Robert Salah is undoubtedly a name to watch this offseason as he nearly accepted the Cleveland job this year. Salah was the former Seattle Defensive coordinator and is now making waves with San Francisco in the same position. It is only a matter of time before he is offered a job. Given how much the Bears rely on defense, Salah could fit nicely in Chicago as I think he would bring in a great play caller with him.
With the Bears defense being so good, Chicago may feel they need to be more innovative in the future. That's where Eric Bienemy comes into play. The offensive coordinator for the Chiefs is a genius, but a lot of that has to do with Andy Reid and the system. Remember, Nagy came from the same system as Reid, and his success hasn't carried over. The thing about Bienemy is that he has multiple years of play-calling experience and the Kansas City offense is one of the most dynamic offenses in football.
The weapons are not the same in Chicago but given a chance, and I think he could succeed immediately. Both him and Salah will get a lot of looks this offseason once again, and the Bears could be in the running if they move on from Nagy.
College Head Coach: The least likely direction the team would go to is the college tree, but it has to be discussed. The league has already seen Kliff Kingsbury and Matt Rhule enter the league the past two seasons, and both of them have done an ok job thus far. Could more college coaches be in line to make the jump soon?
For the Bears, if that is the direction they choose, they shouldn't have to look any further than Lincoln Riley of Oklahoma. Riley was rumored to be in on the Packers job last season before ultimately staying in Norman. Riley took over for Bob Stoops, and the program hasn't missed a beat.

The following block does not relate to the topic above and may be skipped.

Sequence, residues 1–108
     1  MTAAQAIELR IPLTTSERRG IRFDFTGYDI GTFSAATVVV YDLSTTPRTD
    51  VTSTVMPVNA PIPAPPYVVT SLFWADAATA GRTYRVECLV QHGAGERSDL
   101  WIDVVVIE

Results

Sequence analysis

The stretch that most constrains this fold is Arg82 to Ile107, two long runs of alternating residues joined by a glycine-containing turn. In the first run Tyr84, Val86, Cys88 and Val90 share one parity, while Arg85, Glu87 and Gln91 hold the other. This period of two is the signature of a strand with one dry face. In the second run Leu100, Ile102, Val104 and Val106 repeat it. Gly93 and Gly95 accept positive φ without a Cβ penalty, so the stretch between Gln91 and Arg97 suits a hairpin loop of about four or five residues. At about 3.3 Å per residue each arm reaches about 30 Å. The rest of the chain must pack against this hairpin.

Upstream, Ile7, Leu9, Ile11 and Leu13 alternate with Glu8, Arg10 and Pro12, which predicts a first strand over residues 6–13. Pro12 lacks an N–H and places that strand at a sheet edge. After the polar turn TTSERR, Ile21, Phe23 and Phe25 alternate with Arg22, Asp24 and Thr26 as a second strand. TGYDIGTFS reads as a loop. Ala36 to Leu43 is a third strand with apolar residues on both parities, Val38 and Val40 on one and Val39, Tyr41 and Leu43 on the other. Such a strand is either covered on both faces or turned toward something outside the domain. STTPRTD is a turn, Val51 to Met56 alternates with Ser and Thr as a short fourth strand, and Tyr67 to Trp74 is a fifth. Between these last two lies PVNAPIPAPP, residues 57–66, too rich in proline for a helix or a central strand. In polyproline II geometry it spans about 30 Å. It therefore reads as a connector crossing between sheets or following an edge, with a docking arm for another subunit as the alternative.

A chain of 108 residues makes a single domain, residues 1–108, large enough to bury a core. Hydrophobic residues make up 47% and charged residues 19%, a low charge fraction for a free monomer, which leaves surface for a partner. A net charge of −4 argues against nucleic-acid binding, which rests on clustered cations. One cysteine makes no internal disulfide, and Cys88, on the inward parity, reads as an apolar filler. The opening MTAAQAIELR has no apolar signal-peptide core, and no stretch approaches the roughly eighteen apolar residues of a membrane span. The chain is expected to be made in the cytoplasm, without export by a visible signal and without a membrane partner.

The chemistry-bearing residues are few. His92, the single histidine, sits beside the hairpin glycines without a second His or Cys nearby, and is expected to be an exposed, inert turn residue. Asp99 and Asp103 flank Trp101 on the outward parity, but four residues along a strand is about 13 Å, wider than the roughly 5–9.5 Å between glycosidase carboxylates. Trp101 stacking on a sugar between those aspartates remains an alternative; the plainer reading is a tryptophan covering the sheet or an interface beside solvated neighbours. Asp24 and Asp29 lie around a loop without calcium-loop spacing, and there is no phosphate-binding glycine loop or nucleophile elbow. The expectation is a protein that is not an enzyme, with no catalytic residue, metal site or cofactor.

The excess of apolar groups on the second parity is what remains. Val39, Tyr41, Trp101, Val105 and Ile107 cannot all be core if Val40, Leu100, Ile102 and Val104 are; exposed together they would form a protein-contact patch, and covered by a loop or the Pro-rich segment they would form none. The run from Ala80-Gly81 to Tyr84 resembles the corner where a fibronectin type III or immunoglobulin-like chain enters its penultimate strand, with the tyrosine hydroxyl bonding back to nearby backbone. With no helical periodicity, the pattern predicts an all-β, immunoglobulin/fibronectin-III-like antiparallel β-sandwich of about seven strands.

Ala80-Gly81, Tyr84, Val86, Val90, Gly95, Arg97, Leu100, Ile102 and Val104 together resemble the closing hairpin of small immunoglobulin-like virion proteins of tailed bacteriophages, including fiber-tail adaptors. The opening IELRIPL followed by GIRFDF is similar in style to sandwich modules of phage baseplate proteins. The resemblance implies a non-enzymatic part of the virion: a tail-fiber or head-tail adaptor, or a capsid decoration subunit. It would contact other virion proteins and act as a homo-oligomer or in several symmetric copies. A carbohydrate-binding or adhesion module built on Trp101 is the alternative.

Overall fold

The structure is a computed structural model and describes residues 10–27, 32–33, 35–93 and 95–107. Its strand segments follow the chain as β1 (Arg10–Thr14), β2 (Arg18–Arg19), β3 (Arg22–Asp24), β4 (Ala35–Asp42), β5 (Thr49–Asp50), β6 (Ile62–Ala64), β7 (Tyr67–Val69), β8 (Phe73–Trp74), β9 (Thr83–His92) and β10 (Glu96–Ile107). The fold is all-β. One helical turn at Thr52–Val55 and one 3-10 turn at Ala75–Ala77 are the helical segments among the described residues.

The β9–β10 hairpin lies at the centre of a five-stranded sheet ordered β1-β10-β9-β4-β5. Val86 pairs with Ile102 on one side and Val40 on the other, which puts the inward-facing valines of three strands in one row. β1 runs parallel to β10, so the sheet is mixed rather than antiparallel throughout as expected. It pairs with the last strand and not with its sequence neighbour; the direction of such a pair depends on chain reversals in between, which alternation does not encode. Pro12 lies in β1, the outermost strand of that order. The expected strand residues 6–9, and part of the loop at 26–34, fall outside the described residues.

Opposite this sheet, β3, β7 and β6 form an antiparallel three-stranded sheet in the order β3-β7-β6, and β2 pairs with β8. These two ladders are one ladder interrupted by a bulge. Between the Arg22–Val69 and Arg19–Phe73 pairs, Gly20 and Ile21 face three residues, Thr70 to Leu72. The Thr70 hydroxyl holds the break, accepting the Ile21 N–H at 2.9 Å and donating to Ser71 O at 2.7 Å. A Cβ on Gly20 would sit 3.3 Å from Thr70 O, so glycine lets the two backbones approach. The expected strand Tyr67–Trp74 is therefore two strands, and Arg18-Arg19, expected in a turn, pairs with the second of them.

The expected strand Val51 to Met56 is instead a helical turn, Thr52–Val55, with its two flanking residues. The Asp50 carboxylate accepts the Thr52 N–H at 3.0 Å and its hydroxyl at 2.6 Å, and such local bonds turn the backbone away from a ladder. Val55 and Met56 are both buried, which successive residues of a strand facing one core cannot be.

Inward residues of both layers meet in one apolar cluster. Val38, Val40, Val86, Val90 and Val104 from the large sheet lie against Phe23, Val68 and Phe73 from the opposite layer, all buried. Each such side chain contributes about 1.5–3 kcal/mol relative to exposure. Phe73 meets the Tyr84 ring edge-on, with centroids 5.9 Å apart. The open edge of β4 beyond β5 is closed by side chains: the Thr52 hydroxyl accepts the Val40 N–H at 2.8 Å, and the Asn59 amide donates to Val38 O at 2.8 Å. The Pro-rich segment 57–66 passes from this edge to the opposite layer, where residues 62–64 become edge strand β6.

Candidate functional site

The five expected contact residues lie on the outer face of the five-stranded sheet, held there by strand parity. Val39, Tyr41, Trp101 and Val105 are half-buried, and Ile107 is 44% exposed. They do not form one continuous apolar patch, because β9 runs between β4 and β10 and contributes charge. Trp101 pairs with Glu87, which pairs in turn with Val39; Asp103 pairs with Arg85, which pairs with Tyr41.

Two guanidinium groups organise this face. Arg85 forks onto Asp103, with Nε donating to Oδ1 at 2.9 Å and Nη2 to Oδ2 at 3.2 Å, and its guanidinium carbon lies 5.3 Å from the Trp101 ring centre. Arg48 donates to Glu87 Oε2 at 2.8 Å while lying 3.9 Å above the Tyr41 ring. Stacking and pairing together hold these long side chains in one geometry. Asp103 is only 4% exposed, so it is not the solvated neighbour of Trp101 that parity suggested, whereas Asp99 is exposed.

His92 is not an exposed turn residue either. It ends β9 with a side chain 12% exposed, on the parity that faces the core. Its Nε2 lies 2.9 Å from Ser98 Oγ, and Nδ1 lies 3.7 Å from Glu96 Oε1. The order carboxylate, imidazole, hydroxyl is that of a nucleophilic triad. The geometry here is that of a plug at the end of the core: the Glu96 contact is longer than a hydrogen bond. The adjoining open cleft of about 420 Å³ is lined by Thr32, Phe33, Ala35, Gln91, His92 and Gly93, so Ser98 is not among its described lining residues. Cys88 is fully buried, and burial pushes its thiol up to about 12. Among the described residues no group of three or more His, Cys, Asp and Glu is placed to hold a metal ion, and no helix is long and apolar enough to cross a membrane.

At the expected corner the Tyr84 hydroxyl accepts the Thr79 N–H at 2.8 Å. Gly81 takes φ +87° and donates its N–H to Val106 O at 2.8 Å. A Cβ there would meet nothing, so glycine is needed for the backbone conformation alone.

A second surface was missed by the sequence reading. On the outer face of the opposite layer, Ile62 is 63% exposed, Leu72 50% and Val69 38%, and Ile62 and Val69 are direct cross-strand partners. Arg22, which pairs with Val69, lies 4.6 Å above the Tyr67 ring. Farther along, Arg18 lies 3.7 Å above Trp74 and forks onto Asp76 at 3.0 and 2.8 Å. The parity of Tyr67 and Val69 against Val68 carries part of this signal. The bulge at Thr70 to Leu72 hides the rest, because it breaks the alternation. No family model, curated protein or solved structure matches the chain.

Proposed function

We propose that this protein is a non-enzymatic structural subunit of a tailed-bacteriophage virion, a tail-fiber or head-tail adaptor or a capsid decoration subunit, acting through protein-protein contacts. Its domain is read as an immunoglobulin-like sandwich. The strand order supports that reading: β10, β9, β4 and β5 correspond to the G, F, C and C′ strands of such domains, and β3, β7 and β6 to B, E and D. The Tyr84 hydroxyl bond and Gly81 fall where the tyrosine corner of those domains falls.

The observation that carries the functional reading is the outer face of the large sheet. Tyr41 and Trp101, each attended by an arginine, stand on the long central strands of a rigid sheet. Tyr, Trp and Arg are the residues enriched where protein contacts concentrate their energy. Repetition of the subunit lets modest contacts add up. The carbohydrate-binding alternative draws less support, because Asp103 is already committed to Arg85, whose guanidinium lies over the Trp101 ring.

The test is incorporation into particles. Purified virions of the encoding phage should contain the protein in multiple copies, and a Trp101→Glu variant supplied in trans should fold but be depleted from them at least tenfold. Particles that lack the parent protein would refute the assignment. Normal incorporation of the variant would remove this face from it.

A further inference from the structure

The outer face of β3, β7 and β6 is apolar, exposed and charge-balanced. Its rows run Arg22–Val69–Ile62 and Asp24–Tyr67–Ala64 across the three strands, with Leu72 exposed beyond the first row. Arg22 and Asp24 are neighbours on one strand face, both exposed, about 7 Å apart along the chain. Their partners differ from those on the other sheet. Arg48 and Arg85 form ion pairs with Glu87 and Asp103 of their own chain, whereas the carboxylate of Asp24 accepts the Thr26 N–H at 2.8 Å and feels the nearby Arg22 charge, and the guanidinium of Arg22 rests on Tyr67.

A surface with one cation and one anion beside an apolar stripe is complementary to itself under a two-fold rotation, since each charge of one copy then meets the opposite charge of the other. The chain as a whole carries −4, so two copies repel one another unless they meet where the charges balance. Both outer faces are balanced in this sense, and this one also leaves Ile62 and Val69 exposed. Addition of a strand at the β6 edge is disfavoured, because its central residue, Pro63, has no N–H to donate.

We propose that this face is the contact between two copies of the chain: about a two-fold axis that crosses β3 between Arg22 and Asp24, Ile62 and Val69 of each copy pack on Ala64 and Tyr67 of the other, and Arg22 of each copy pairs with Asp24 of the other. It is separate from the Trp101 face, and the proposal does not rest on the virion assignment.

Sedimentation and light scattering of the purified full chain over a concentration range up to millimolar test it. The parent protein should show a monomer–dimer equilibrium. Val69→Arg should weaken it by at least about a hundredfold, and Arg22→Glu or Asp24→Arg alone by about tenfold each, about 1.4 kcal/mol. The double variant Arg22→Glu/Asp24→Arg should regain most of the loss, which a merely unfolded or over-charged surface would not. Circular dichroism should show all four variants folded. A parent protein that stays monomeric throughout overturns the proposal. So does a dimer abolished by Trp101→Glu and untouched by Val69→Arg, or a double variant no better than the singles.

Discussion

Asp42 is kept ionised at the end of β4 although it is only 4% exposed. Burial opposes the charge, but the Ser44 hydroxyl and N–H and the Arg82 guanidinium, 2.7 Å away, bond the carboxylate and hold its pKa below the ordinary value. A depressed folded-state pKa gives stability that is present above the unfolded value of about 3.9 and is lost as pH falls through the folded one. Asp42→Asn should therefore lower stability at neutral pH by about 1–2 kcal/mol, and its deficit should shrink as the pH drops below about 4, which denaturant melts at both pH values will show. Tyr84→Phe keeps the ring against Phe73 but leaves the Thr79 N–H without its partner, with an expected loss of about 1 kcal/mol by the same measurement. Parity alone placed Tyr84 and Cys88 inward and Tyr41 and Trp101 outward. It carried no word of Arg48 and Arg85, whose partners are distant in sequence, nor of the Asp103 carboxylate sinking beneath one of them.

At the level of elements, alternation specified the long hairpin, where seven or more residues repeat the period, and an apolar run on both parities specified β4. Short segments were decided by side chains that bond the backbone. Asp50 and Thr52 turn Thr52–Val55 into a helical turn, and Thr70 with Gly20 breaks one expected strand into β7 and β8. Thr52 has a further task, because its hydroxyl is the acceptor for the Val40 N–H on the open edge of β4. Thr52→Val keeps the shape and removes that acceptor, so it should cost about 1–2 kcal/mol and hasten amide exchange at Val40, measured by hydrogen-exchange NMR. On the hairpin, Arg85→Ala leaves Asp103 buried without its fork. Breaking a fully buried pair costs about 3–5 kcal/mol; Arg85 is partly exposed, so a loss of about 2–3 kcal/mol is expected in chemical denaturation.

Not only is he a great offensive mind, but he is excellent with quarterbacks as Oklahoma is becoming Heisman U under Riley. During his tenure, Riley has worked with Baker Mayfield of Cleveland, Kyler Murray of Arizona, and Jalen Hurts of Philadelphia. Mayfield and Murray won the Heisman, and Hurts taking second. Spencer Rattler is now the man in charge, and it looks like he has the potential to be a Heisman candidate.
Riley is good with quarterbacks, and one of the Bears most significant issues the quarterback position. It would be curious to see what his mindset is and what he can do with that team when deciding what direction to take long term.
The last name I will look at is the hometown college man Pat Fitzgerald. Much like Riley, Fitzgerald nearly had a head coaching job last season but elected to return to Northwestern, where he had one of his worst years as a coach. It seems that was a fluke because Fitzgerald has rebounded nicely this season and is off to a 2-0 start with the Wildcats.
Fitzgerald has been in the Chicago community for the past 14 years, winning 100 games with the Wildcats to make them relevant again. A defensive-minded coach first, Fitzgerald, I certainly think would entertain the idea to remain in Chicago if the Bears came calling.
Nothing at this point is being discussed about Nagy's job, and when you look at the position, the Bears are in his job shouldn't be in jeopardy. However, this is a results-driven league, and if things don't change offensively for the Bears soon, Nagy will be on the hot seat.